Thursday, June 29, 2006

Hamdan Decided-- Geneva Conventions Not So "Quaint" After All


The Supreme Court decided today that the Bush Administration lacked authority to set up military tribunals for the Guantanamo detainees, and that the tribunals also violated both applicable military law and the Geneva Conventions.

Justice Stevens wrote the main opinion, joined by Justices Souter, Ginsburg, and Breyer, and joined in part by Justice Kennedy, who wrote separately. Chief Justice Roberts, who joined in the opinion of the D.C. Circuit below, recused himself. Justices Scalia, Thomas, and Alito each wrote dissenting opinions.

As Marty notes over on SCOTUSBlog, the big news is that the Court has now held that Common Article 3 of the Geneva Conventions are judicially enforceable and binding on the President. That provision of the Geneva Conventions also bans cruel treatment and torture. The Supreme Court has decided that the Geneva Conventions aren't so quaint after all.


My heart is with all those lawyers whom, in the courts and outside (especially academics), have stood and continue to stand up to all of these gross attacks against the rule of law. It is thanks to their efforts that they and, as a consequence, democracy in the US and around the world, are the true winners today. Congratulations and keep up the good fight!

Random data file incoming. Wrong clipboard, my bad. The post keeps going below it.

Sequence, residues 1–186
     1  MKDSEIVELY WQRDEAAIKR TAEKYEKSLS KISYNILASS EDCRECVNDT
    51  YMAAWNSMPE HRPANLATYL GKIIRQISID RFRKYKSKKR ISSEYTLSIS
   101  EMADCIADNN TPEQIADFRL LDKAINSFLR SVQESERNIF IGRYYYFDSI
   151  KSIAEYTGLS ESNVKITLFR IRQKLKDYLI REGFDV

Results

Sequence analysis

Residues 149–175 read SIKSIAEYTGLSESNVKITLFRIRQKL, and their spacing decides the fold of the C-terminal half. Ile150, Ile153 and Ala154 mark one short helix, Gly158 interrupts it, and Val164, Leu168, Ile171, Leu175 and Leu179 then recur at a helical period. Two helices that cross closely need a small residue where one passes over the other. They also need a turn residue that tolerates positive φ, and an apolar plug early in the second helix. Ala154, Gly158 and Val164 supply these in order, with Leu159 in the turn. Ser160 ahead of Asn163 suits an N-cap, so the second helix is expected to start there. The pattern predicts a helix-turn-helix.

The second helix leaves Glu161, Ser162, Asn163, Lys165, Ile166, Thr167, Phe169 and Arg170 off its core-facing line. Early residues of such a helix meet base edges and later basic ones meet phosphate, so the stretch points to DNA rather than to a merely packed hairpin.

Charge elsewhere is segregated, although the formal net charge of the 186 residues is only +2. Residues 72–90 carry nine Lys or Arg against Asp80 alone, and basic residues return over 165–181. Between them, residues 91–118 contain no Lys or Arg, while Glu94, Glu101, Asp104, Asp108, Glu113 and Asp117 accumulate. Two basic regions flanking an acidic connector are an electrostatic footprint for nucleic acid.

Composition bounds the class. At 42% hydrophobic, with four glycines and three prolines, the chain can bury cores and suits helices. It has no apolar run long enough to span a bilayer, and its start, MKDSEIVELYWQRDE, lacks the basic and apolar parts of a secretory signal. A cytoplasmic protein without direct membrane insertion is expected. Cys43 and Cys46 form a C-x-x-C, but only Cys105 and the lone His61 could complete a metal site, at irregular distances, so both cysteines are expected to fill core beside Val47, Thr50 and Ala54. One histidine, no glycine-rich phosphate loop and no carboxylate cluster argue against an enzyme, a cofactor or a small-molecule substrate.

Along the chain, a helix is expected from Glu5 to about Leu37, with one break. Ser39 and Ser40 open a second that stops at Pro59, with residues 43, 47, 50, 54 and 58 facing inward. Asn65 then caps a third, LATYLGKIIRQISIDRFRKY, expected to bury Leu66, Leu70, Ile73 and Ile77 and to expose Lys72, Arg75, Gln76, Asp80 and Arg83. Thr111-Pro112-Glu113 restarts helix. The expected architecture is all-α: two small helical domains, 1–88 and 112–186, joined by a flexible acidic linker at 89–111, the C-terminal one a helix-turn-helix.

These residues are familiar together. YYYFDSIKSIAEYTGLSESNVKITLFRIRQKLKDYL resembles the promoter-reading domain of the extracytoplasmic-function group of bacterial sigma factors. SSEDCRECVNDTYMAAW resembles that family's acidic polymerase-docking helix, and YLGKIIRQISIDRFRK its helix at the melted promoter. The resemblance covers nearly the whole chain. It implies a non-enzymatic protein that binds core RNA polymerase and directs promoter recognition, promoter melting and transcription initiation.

I've never been a fan of the law, mainly because it's abused so much and seems so empty, but this decision rocks!

Score 1 for the US Constitution and international treaties!

Have there been any trials that will now be overturned?

And does this mean the torture used on prisoners to obtain information to use against them will be admissible?

Scalia, Thomas, and Alito were the dissenters. Surprise, surprise....

It's a sign of just how far we have fallen in this country that a SCOTUS decision affirming our obligation to the Geneva Convention is cause for dancing in the streets.

maybe Peter, but I'm nonetheless breathing a sigh of relief. It’s hard imagine anything that would play better into the hands of our enemies than for the U.S. Supreme Court to allow the President to ignore the Geneva Conventions.

We are what we pretend to be, so we must be careful about what we pretend to be.
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